JAKARTA (TheInsiderStories) – Indonesia and India continue to establish trade partnerships on various trade activities, such as reducing palm oil import duties, tariff and non-tariff policies, manufacturing industries, infrastructure, pharmaceuticals, coal, and various forms of trade, said the minister last week.
In the trade sector of palm oil, Indonesia and India have reached an agreement to reduce India’s import duty on refined, bleached and deodorized palm oil (RBDPO) from Indonesia through bilateral meetings between the two countries.
As known, currently the Indian import duty for RBDPO from Indonesia is 5 percent higher than the import duty of similar products from Malaysia which is only 45 percent. For this reason, Indonesia requests that Indonesia’s RBDPO import duty tariffs to India be reduced by five percent through the ASEAN-India Free Trade Agreement (FTA) scheme.
“India is Indonesia’s fourth largest trading partner. However, trade is not about ranking, and not only about surplus or deficit. Trade is about partnerships that are mutually beneficial and can contribute to the development of national and other countries,” said Lukita in a written statement.
He conveyed, palm oil and its derivative products played an important role in the Indonesian economy. As much as 60 percent of the total value of Indonesia’ exports comes from palm oil, and contributes to more than 50 percent of total world production.
For that, Indonesia shares responsibility in maintaining the availability of palm oil, providing labor, and alleviating poverty in the world because considering the world demand for palm oil is predicted to double to 308 million tons by 2050.
“Palm oil for Indonesia has an important value like sugar for India because the industry employs millions of people. In addition, this commodity is not just a product, but has values that represent our people and culture,” said the minister.
Lukita notesd, in return for the reduction in customs tariffs, Indonesia was willing to open market access for raw sugar from India needed by national industries which had come from Thailand and Australia.
In addition, Indonesia and India are also committed to improving economic relations between the two countries through resolving tariff and non-tariff barriers.
“We agreed to eliminate tariff and non-tariff barriers between the two countries. This is in line with the principle of collaboration and partnership of this meeting,” he sated.
Based on data from the World Trade Organization (WTO), the tariffs applied equally to all WTO member countries (most favored nation-MFN) declined from 15 percent in 1995 to 9 percent in 2018 in the last 20 years.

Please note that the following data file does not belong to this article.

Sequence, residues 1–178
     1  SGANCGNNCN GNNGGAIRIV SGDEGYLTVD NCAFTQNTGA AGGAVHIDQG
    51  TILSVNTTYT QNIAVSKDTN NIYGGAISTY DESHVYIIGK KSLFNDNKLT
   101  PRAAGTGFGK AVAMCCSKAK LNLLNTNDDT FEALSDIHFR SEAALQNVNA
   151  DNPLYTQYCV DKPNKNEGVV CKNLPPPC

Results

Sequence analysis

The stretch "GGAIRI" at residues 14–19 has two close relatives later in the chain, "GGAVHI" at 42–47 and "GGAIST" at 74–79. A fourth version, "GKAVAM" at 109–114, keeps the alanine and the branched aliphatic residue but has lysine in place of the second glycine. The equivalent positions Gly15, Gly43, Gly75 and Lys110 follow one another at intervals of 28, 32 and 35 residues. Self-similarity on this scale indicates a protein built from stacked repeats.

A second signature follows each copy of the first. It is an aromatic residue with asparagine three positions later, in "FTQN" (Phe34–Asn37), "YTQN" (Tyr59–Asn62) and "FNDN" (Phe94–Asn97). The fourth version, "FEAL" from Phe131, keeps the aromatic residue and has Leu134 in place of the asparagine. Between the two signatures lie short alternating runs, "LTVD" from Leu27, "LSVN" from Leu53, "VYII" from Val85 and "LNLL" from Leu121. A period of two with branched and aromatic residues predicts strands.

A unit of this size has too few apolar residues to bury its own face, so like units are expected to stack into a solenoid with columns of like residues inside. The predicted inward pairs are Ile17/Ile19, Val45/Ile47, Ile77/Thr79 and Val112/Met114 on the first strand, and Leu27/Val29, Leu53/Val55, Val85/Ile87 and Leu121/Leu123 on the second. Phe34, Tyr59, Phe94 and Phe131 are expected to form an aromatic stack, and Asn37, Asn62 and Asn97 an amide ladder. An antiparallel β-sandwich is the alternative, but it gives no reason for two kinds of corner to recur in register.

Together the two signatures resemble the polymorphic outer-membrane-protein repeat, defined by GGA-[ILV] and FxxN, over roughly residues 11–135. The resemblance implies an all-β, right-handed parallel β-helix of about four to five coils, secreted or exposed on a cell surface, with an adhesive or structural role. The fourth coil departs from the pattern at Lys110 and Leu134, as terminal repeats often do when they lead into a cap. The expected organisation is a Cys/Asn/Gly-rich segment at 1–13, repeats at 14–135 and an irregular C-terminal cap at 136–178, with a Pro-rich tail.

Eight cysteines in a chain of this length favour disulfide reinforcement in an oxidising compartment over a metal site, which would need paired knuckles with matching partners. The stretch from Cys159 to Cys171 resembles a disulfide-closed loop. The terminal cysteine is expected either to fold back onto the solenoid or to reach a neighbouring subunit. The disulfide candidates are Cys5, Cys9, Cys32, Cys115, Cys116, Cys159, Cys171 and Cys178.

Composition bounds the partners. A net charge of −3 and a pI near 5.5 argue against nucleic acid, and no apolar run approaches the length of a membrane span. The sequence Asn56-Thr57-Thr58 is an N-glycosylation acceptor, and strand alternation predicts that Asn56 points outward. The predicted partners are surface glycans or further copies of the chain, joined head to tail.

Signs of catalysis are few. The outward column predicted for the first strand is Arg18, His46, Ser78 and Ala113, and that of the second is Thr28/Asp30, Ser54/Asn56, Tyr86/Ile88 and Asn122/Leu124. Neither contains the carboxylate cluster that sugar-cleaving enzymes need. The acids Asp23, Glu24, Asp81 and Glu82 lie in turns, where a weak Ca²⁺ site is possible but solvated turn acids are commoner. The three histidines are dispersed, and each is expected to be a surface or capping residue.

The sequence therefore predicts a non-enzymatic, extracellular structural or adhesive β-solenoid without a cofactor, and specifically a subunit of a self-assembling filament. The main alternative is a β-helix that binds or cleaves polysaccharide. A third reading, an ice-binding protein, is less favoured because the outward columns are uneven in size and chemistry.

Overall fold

However, at the same time, there are around 625 non-tariff barriers notified to the WTO every year. This figure increased very significantly to 1.400 non-tariff barriers between 2005 and 2017.
“In ASEAN, the average rate reduction from 2000 to 2018 reaches up to 50 percent of the original tariff rate, but the number of non-tariff barriers has tripled. These non-tariff barriers in their excessive and discriminatory use will add to costs, which ultimately harm our industries and consumers,” he said.
Furthermore, participating countries of the meeting also discussed efforts to resolve Regional Comprehensive Economic Partnership (RCEP) negotiations at the end of 2019 as instructed by Heads of State and Government.
India’ Minister of Commerce, Industry and Civil Aviation Suresh Prabhu himself expressed his commitment to contribute to the completion of the RCEP negotiations this year, but because of the April elections, India has not been able to give a major commitment to resolve some sensitive issues. He invited companies from ASEAN countries to take advantage and opportunities at this meeting to increase trade with India.
Meanwhile, the 25th RCEP meeting is being held in Nusa Dua, Bali on Feb. 19-28. In March the RCEP minister’s intercession meeting will be held in Siem Reap, Cambodia.
Director General of International Trade NegotiationsIman Pambagyo, said this year there would be more intersection meetings, especially Working Groups/Working Groups/Task Force to accelerate the completion of RCEP.
“2019 is a political year for most RCEP participating countries such as Thailand, Australia, India and Indonesia. However, all participating countries must continue their commitment to achieve the completion target this year,” he said in a written statement today (02/25).
Some issues that are still being negotiated in the RCEP negotiation round include trade in goods, rules of origin, trade in services, investment, electronic commerce, intellectual property, legal and institutional issues, financial services, telecommunications services, and trade security.
Expected that, with the agreement, Indonesia will get benefits, namely increasing market access, investment and opportunities to participate in regional supply chains which will lead to an increase in exports which is very important for economic growth.
Written by Daniel Deha, Email: firstname.lastname@example.org